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Thread: Polariser for UWA? Worth it?

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    Member leanne0333's Avatar
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    Polariser for UWA? Worth it?

    Off to NZ tomorrow. contemplating popping into town in the morning to buy a polariser for my UWA. So interested to know anyones views on polarisers for UWA (11-16 crop sensor) A good quality filter will set me back $190 so is it worth it? I know the effect is not as dramatic for UWA and there is a risk of vignetting. But I would be lost without my polariser for my other lenses (which works perfectly at 18mm) and since my subjects will mostly be mountains, forests, beaches, glaciers, more mountains....

    Any thoughts?

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    Good for waterfalls but they dont work very well on skies. that price sounds high, kenko pro1d are good, and from memory a fair bit cheaper.

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    agree 100% with hakka on this one. I used on on the Milford track a couple of years ago and could kick myself very hard. The skies are very uneven when you go really wide. Just use it for cutting back reflections and doing waterfalls if you have not got an ND filter. OK if you don`t go too wide. Take it off if you do a panorama sequence.
    Graeme
    "May the good Lord look down and smile upon your face"......Norman Gunston___________________________________________________
    Nikon: D7000, D80, 12-24 f4, 17-55 f2.8, 18-135, 70-300VR, 35f2, SB 400, SB 600, TC-201 2x converter. Tamron: 90 macro 2.8 Kenko ext. tubes. Photoshop CS2.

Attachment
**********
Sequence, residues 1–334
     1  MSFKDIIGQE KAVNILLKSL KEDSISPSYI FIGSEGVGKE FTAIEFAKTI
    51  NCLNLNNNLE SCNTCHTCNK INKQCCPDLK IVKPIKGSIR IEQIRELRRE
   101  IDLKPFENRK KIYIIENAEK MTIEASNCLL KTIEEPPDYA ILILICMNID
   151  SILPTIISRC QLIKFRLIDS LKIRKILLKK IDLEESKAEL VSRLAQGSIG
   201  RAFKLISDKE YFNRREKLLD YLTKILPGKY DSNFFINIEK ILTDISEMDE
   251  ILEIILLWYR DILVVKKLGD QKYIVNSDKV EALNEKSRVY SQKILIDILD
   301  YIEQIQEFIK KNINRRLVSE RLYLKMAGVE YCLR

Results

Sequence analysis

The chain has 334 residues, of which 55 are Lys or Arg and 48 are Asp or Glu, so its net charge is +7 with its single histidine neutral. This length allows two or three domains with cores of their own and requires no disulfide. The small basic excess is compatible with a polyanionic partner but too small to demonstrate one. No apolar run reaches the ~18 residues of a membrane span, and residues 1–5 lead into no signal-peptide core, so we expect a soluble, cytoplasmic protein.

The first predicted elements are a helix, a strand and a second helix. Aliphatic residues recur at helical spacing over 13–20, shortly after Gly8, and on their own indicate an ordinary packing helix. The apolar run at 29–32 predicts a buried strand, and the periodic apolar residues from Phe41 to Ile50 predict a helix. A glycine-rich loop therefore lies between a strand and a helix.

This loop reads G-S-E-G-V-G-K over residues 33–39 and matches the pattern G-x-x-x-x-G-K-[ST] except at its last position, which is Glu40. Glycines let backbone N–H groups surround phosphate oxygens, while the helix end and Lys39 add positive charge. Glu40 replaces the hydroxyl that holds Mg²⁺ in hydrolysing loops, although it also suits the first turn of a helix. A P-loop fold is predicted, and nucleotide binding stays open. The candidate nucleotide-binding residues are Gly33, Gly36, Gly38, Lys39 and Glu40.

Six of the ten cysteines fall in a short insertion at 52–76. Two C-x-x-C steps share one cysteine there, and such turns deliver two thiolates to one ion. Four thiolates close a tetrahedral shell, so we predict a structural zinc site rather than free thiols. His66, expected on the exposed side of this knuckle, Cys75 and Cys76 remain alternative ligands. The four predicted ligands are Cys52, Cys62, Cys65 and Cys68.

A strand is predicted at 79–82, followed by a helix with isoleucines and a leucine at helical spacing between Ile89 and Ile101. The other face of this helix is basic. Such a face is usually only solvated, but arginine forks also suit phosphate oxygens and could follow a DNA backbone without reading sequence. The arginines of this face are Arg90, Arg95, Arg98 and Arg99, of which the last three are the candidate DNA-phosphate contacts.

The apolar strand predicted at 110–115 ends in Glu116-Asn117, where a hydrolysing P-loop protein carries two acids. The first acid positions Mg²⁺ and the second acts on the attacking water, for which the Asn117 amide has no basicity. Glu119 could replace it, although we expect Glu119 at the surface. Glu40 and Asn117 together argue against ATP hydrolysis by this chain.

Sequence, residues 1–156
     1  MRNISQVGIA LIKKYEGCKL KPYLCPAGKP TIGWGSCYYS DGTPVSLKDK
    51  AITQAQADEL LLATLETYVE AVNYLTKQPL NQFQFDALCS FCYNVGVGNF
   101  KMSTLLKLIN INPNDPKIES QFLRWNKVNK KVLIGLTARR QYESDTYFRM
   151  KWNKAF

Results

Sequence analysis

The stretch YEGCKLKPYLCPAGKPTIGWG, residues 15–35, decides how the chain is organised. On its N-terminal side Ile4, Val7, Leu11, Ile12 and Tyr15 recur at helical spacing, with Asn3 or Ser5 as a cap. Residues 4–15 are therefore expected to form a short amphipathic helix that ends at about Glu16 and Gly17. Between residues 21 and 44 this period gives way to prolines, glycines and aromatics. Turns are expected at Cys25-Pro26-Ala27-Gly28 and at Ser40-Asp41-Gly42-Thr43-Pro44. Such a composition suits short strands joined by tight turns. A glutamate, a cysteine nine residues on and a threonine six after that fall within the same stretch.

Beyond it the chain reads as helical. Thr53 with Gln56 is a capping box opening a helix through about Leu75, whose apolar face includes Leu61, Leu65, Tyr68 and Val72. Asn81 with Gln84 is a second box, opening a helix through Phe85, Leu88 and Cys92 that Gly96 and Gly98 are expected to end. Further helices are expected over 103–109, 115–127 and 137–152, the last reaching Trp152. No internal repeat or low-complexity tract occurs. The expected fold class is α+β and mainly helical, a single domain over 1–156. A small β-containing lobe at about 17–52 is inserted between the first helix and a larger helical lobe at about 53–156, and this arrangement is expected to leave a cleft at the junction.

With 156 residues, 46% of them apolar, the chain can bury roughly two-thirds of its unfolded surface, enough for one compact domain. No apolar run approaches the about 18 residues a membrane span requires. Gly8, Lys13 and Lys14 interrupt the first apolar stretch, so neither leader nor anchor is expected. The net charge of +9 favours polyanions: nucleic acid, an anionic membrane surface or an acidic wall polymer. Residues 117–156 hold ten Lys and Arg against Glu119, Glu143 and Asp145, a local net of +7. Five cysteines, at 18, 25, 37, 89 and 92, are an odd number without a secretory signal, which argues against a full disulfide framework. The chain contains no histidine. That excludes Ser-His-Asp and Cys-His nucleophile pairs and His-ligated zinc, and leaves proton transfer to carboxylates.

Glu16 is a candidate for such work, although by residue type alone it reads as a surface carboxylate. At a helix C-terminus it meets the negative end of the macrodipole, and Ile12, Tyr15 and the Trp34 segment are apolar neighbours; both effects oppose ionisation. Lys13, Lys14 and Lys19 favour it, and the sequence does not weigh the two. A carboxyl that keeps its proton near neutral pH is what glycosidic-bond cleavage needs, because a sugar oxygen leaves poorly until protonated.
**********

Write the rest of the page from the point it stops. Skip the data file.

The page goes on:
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    Ausphotography irregular Mark L's Avatar
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    A couple of other recent opinions here .......http://www.ausphotography.net.au/for...41-UWA-and-CPL
    "Enjoy what you can do rather than being frustrated at what you can't." bobt
    Canon 80D, 60D, Canon 28-105, Sigma 150-600S.

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    A royal pain in the bum! arthurking83's Avatar
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    For the Tokina 11-16mm you may need the slim version of a polariser.
    The standard versions have been known to cause excessive vignetting.

    The reason this can happen is pure physics.
    The front element on the Tokina is a constant F/2.8, and so the glass is physically bigger than other wide angle lenses of 'similar' types.
    eg. the front element on the Siggy 10-20mm f/4-5.6 is about half the diameter of the Tokina front element.
    That means that the part of the lens element that focuses the light rays onto the sensor is closer to the edge of the lens barrel and hence the edges of the filter too.

    That probably explains part of the high price of the filter.
    Those slimline polarisers can be more expensive, but also in saying that they also seem to have a better build quality than the standard versions too.


    I'd say get one .. but also be weary of them on ebay, they are prime targets for forgeries, so if a price looks too good to be true, it most likely is.
    Nikon D800E, D300, D70s
    {Nikon} -> 50/1.2 : 500/8(CPU'd) : 105/2.8VR Micro : 180/2.8ais : 105mm f/1.8ais : 24mm/2ais
    {Sigma}; ->10-20/4-5.6 : 50/1.4 : 12-24/4.5-5.6II : 150-600mm|S
    {Tamron}; -> 17-50/2.8 : 28-75/2.8 : 70-200/2.8 : 300/2.8 SP MF : 24-70/2.8VC


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